mega- million megaton: one million tons
giga- billion gigawatt: one billion watts

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What Do Prefixes Mean in Math? - Part 2

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Prefixes: Definition & Examples – Video & Lesson Transcript | Study.com

Even Mrs. Brown's careful oversight couldn't prevent some of her students from causing trouble at the science fair. In hindsight, Jesse's decision to use real live dynamite in her science project, showed a lack of insight. Hopefully, next time she'll have the foresight to try a less explosive experiment.

In these three sentences, can you see how there are four words that all include 'sight' but all four of them have different beginnings? Those different beginning parts are called prefixes. Prefixes are groups of letters added to the beginning of a word to change its meaning.

In these sentences, we have four prefixes attached to 'sight' – 'over,' 'hind,' 'in,' and 'fore.' 'Sight' is called the root word, the word that the prefixes are attached to.

'Sight' is a perfectly good word all on its own but you can add prefixes to it to create a whole new word that builds on the original root word.

Oversight = over + sight

Here the prefix 'over' gives you an idea of a high place. When you combine that with 'sight,' you get the idea of looking down at someone from a high place, or supervising them.

So 'oversight' means watching someone to make sure they're doing what they are supposed to. Mrs.

Brown was supposed to have 'oversight' for her class but she missed Jessie's volcano.

Hindsight = hind + sight

Think about the word 'behind.' 'Hind' means 'backwards,' so if you are looking backwards, you're looking into the past. For Jessie, after her volcano explodes, she's looking back into the past to say, 'hey maybe that was a bad plan after all.'

Insight = in + sight

If you think about the motion of going in, or looking in, it means that you're going closer to the center of something, so 'insight' means looking deeper into the center or seeing what's really there. That's exactly what Jessie didn't do when she decided to put dynamite in her volcano.

Foresight = fore + sight

Think about the word 'forward.' 'Fore' is motion into the future. Foresight is the opposite of hindsight; it's looking into the future to understand what's going to happen. Hopefully for Jessie's next project, she'll look into the future and think about what will happen before she tries it.

These four words are examples of how you can make completely different words by attaching different prefixes to a root word.

Number and Quantity Prefixes

A prefix is a part of a word that is added to the beginning of another word to change its meaning. These syllables aren't usually words on their own, but they are very important when it comes to understanding new words in English.

Many prefixes have to do with numbers and quantities. Learning to recognize these number prefixes and memorizing their meanings will make it easier to figure out what unfamiliar words mean. If you already know the root word, you can often decode the definition by putting the meaning of the prefix and root word together.

When you are able to commit a numerical prefix to memory, it becomes much easier to decipher the meaning of unfamiliar words that use that prefix. If you know that “tri” represents the number three, then it's easy to figure out that “tricycle” is something that has three wheels.

Listed below are several of the most common number prefixes, along with the number they represent and some example words that contain that numerical prefix.

Prefix Number Examples
milli- .001 millimeter, milliliter, millipede, millisecond, milliampere, milligram, milliwatt, millivolt
centi- .01 centimeter, centigrade, centiliter, centigram, centipede, centile
deci- .1 decibel, decimate (historically, to kill 1 in 10 of the enemy), deciliter, decimeter, decigram
semi-hemi- .5 semester, semicircle, semiannual, semiautonomous, semiautomatic, semiconscious, semicolonhemisphere, hemiplegic, hemicycle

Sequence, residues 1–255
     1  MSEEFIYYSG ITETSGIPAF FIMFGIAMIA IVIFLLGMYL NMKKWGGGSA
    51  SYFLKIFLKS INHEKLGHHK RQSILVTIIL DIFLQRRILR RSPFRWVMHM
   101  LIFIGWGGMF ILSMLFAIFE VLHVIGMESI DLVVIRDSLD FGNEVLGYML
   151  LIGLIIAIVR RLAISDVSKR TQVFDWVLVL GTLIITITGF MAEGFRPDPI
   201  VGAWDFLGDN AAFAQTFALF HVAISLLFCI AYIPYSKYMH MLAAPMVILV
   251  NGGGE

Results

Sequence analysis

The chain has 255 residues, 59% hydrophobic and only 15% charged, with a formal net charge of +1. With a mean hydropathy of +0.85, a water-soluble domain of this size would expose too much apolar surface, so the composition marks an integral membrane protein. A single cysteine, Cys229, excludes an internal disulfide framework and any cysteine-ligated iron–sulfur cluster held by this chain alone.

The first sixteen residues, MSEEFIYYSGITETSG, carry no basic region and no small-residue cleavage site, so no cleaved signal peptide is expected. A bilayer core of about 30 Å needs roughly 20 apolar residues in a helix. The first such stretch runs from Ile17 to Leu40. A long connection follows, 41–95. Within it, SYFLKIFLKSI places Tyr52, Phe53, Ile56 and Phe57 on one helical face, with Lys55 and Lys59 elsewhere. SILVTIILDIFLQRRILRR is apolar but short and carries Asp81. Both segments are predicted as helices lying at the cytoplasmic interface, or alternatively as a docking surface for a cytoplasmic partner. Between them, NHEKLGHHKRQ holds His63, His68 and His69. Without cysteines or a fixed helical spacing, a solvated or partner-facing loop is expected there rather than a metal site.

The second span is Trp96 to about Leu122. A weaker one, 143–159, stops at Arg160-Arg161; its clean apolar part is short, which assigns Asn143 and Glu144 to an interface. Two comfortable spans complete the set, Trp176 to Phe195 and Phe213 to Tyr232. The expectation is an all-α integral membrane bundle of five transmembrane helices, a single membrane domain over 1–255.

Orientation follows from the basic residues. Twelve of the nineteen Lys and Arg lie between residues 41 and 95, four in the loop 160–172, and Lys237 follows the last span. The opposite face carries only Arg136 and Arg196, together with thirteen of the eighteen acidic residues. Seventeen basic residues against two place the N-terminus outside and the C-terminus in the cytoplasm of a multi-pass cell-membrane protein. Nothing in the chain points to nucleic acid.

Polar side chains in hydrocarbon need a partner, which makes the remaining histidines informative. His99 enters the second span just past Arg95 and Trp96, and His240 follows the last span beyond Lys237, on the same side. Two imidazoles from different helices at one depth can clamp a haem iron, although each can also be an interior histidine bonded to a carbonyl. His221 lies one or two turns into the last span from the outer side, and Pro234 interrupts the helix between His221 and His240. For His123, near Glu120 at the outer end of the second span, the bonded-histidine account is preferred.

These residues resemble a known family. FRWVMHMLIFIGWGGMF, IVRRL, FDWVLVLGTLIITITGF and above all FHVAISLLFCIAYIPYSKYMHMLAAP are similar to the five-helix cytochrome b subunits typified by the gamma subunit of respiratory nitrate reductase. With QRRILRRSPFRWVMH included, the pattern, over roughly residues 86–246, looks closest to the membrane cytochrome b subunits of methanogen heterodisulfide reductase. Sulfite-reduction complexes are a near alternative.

uni-mono- 1 unicycle, unicorn, universe, universal, unilateral, union, unicellular, uniformmonotone, monocle, monogram, monosodium, monochromatism, monopoly, monoglyceride, monosyllabic, monotony
bi-di- 2 bliateral, bicycle, bigamy, bisexual, bipedal, bipartisan, bipod, binary, bisect, bifocal, bilingualdipthong, dissect, dioxide, diptych, digital, divide, division
tri- 3 tricycle, triathlon, tripod, triglyceride, triangle, trigonometry, triangulation, trilingual, triumvirate, trillion
quad-, quart-tetra- 4 quadruped, quadruple, quadrillion, quadriplegic, quadrennially, quadrant, quadricep, quadratic, quadruplet, quadrilateralquartet, quarter, quarterfinal, quarterback, quartile,tetrameter, Tetris, tetrachloride, tetrahedrite, tetrahedron, tetrameter, tetragram, tetragonal, tetrapod
quint-penta- 5 quintuplets, quintessential, quintile, quintessence, quintuplet, quintainpentagon, pentathlon, pentathlete, pentameter, pentagram, pentahedron, pentacle, pentanol
sext-hex- 6 sextet, sextant, sextette, sextains, ssextilehexagon, hexidecimal, hexahedron, hexameters, hexachord, hexagram, hexapod
sept-hept- 7 septuagenarian, September, septennial, septuplets, septarian, septetheptathlon, heptameter, heptagonal, heptane, heptose
oct- 8 octogon, octopus, octogenarian, October, octosyllabic, octapeptide, octahedron, octameter, octuplet, octuplex
non-, nov-ennea- 9 nonagon, novenas (9 days before Christmas in Mexico), nonagenarian, nonapeptide, nonoseenneagram, enneagon, enneadic
dec- 10 decathlon, decade, December, decasyllabic, decahedron, decaliter, decapod
cent- 100 century, centennial
kilo 1000 kilometer, kilogram, kilocalories, kilojoules, kilowatt, kilovolt, kilobar, kilobye
multi-poly- many multipurpose, multiply, multicurrency, multifunctional, multimolecular, multiregional, multifacetedpolygon, polygamy, polymer, polyester, polycarbonate, polypropylene, polyurethane, polymorphism, polynomial

Note that some numbers have more than one prefix. This is because English draws from both Greek and Latin influences, and those languages have two different numbering systems – both of which are used for English prefixes. In the chart above, the Latin prefix is always listed above the Greek one when both are in use.

For example, “quint” as in “quintuplets” (a group of five babies born to the same mother at once) is derived from the Greek. By contrast, “penta” as in “pentagon” (a five-sided polygon) is derived from the Latin.

Memorizing number prefixes will help you quickly figure out what new words mean, particularly when it comes to math and science applications. The metric system also makes use of many Latin prefixes to express extremely large or extremely small quantities; you can read more about metric prefixes here.